Most of us have heard of the famous Ridley Scott. An 'imagineer' extraordinaire, indeed. His movies Blade Runner and Alien are not just futuristic, they are thought-provoking. Giving us all a great deal of philosophies and possibilities to ponder over as we turn off the DVD or walk out of the theatres. Not surprisingly, Scott's latest sci-fi flick, Prometheus has garnered a whole lot of attention, even before the film has been fully shot. It's about a crew on a ship called Prometheus in 2085. While many assume that the movie could be a prequel to the aliens, it isn't. In fact, a brilliant, brilliant viral marketing strategy of Scott's upcoming film has revealed a lot more about the subject of the movie.
We're not quite sure yet whose idea this was, but we doff our hats to whoever thought of it. Given the popularity of TED Talks, the makers of Prometheus decided to create a viral video using the TED property and also introduce the film. So Peter Weyland, an imaginary corporate visionary is giving a 'TED Talk' in 2023. Weyland, played by Guy Pearce, and directed by Scott's son Luke Scott, gives an awesomely self-aggrandising speech. The speech talks about man becoming god, and human beings getting into a position to create humanoids. The future Weyland so confidently predicts in the TED talk, will it come to pass? Can we allow corporations, governments or even scientists to, as Weyland says in the speech, to show us "what they are capable of"?
For the first time in human history, the computer has come close to increasing the odds of creating a machine that can think and feel. Once that is done, the exterior body or shell will not be hard to replicate. Human biology can be recreated. Medical science has already borne the fruits of research in this space, with prostheses, bio-chips, bio-implants and so on. Technology and Biology already make for seamless functioning in many human systems. DNA sequencers not only improve the health of overall population, but also help scientist apply the new understanding of DNA to artificial intelligence.
Most recently, electronic telepathy breakthroughs have signaled new frontiers in the man-machine relationship. Early this year, scientists actually managed to read "thoughts". A study by researchers in the University of California at Berkeley resulted in a computer program that predicted spoken words simply by analysing brain activity of volunteers. Earlier research reports had shown that imagined words activated same areas in the brain that spoken words did. Just last year, at around the same time, author Michael Chorost, in his book,World Wide Mind: The Coming Integration of Humanity, Machines, and the Internet, had predicted that electronic telepathy was just around the corner. He has spoken about "Singularity", where machines begin to increasingly mimic human intelligence, and humans embed technology to enhance their own bodies.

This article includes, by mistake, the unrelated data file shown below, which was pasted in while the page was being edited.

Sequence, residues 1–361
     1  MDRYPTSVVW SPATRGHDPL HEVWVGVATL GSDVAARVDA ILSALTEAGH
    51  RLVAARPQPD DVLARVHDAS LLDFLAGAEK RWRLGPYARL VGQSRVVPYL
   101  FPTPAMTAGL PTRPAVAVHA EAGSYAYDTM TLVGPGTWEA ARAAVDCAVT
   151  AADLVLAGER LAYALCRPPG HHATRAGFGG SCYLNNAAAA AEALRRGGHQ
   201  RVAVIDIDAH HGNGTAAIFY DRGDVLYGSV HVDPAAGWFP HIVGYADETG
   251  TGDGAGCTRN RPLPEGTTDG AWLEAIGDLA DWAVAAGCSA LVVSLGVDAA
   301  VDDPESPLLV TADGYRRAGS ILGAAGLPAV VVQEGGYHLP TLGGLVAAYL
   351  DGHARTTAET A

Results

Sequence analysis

Now, the human race, as Peter Weyland has said, has the unique opportunity to not only create humanoids, but also turn themselves into superhumans. While Weyland seems to have no doubt in his mind that this is an absolute way forward, for those living in the real world, the question of whether we should create full-fledged, thinking-feeling humanoids, is one that definitely needs to asked; particularly from ethical, moral and philosophical points of view.
So, given that the earth continues to be overpopulate with time, why should we have humanoids? Especially, given that with time, man has come to look at emotions as somehow irrational and causing more trouble than progress - at least scientifically speaking. The fact is that if we wish humanoids to be reliable and useful is some way, like humans, they should be able to adapt and evolve. The fact is that utilitarian behavior cannot be written in code, it must be something that can develop within the humanoid organically. For this evolution, we need thought and emotion to meet inside a machine. Given that our emotions are driven by our internal motivational systems, this means creating full-fledged motivational systems within machines. We could choose to, if we wish, acknowledge our emotions as more real and call what humanoids feel mere "simulations". But the question is, when the day comes, can we do so?
Another danger is that humanoids will become super intelligent and rule over us. However, the fact is that as machines get more real, the real danger maybe that we choose machines over people. Most people already choose chat rooms and virtual relationships over real ones, for those can be turned on and off easily.
Given the rise of "Singularity", perhaps, it is almost inevitable that humanoids will come into being. And it will not doubt, not come without controversy, as the Ted Blog under the Prometheus viral video says, "Peter Weyland has been a magnet for controversy since he announced his intent to build the first convincingly humanoid robotic system by the end of the decade..."Suggest a correction